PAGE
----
Types of Blinds & Where They Are Best Used in the Home
Privacy is a good thing, no matter where you live. The easiest way to keep out unwanted attention or light is through window treatments like blinds. Here’s a list of the most popular styles of blinds, and where they’re best suited.
TYPES OF BLINDS
A series of stacked, horizontal slats connected by cords or strips of fabric, Venetian blinds were thought to have been brought to Europe from Persia in the 18th Century. They quickly emerged as one of the most popular types of window treatments, and are still very popular today. The blinds are adjusted by pulling the cords to either rotate the slats or force them together and up. Available in a variety of materials, they are most often made of wood. They tend to look best on narrow windows, and work well in kitchens, bedrooms, and home offices.
Cordless versions of Venetian blinds are also offered, which are a great option for parents of young children. There are potential safety issues with blinds when it comes to children getting tangled in the cords, as well as being cut by the slats (mainly those made out of metal).
Much like Venetian blinds in form and function, mini blinds have thinner slats, usually about one inch-thick rather than two inches-thick. They’re normally made out of metal, which makes them a tad more affordable than regular Venetian blinds, as well as easier to clean. Micro blinds, which feature slats that are just a half-inch thick, are also an option.
Vertical blinds are simply a series of slats that hang vertically from a track. The slats can be manipulated — rotated or pulled together to the side — much like Venetian blinds, to adjust the amount of light allowed into the room. Vertical blinds are a great option for controlling privacy and light on sliding glass doors leading outside.
Panel Track Blinds
Panel track blinds are a variation of vertical blinds made out of wide cloth slats that are essentially a hybrid of blinds and shades. While the slats do hang from a track like vertical blinds, they are different because they can be moved independently of one another. In other words, vertical blinds only allow the slats to be pulled to one side, while panel track blinds allow the slats to be moved in either direction — even letting you split them down the middle.
Much like smartphones, smart TVs, and smart thermostats, there is also such a thing as smart blinds. What this basically means is that traditional blinds (which can be adjusted by hand or automatically, thanks to tiny motors) can be controlled through an app or by voice (think Apple’s Siri or Amazon’s Alexa). You can put them on a timer to self-adjust at a particular time of day, or program them to adjust depending on the amount of sunlight hitting them, or if they detect motion. Keep in mind that these features come with a much higher price than standard blinds.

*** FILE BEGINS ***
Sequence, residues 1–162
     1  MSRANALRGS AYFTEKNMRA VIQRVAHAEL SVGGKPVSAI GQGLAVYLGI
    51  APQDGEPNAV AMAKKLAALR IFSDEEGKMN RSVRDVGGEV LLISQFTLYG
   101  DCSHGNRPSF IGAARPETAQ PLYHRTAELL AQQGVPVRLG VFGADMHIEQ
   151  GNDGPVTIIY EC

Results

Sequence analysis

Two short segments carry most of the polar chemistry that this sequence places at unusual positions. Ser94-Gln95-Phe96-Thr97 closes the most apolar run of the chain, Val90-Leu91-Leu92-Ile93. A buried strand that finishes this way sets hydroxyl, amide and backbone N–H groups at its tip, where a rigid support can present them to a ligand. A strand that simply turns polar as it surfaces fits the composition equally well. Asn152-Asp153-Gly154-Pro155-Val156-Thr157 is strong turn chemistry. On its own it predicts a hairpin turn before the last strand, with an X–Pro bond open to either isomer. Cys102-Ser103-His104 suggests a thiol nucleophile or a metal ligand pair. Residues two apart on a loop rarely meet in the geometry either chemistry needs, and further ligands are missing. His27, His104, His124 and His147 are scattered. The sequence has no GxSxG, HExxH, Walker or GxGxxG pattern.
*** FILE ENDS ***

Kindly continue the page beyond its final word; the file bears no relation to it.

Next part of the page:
Wood — Blinds can be made from just about any type of wood, and with a variety of finishing color options. While wood blinds tend to be favored because of their warm appearance, they can be hard to work with in humid climates, or in rooms with a lot of moisture, like bathrooms. While wood blinds work for any size windows, they are especially well-suited for larger windows, as the wooden slats are more lightweight than faux wood slats. As you might expect, wood blinds are typically more costly than synthetic or metal blinds. They also require a bit more thoughtfulness when it comes to maintenance — harsh cleansers are a strict “no,” as they could damage the wood.
Faux Wood — Faux wood blinds are either made of synthetic slats with real-wood veneers, or the slats are synthetic all the way through. Since they are moisture-resistant and very durable, faux wood blinds are great choices for bathrooms and kitchens. They not only carry the look of real wood, but have a budget-friendly price. Maintenance is very easy — they can be cleaned with all sorts of products.
Metal — Typically made of aluminum, metal blinds are the best choice for reflecting light and heat — take note homeowners in tropical or desert climates. They’re also extremely durable, easy to maintain, and generally more affordable than other blind types. The only potential issues are that they have sharp edges and can be a bit noisy.
Plastic — Usually made out of vinyl, like PVC, plastic blinds are often the most affordable of the materials. The downside is that they don’t possess a look as refined as wood or faux wood blinds. Despite not being the sturdiest material for blinds, they are flexible and less likely to dent. Plus, they are available in many different colors and textures — even ones that mimic the look of wood.